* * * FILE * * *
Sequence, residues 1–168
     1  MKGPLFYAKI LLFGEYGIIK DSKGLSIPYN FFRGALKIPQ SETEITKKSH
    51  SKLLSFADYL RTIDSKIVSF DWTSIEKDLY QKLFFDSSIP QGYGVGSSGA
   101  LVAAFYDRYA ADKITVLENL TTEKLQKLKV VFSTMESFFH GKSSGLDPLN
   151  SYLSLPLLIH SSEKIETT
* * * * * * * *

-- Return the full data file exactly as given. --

Sequence, residues 1–168
     1  MKGPLFYAKI LLFGEYGIIK DSKGLSIPYN FFRGALKIPQ SETEITKKSH
    51  SKLLSFADYL RTIDSKIVSF DWTSIEKDLY QKLFFDSSIP QGYGVGSSGA
   101  LVAAFYDRYA ADKITVLENL TTEKLQKLKV VFSTMESFFH GKSSGLDPLN
   151  SYLSLPLLIH SSEKIETT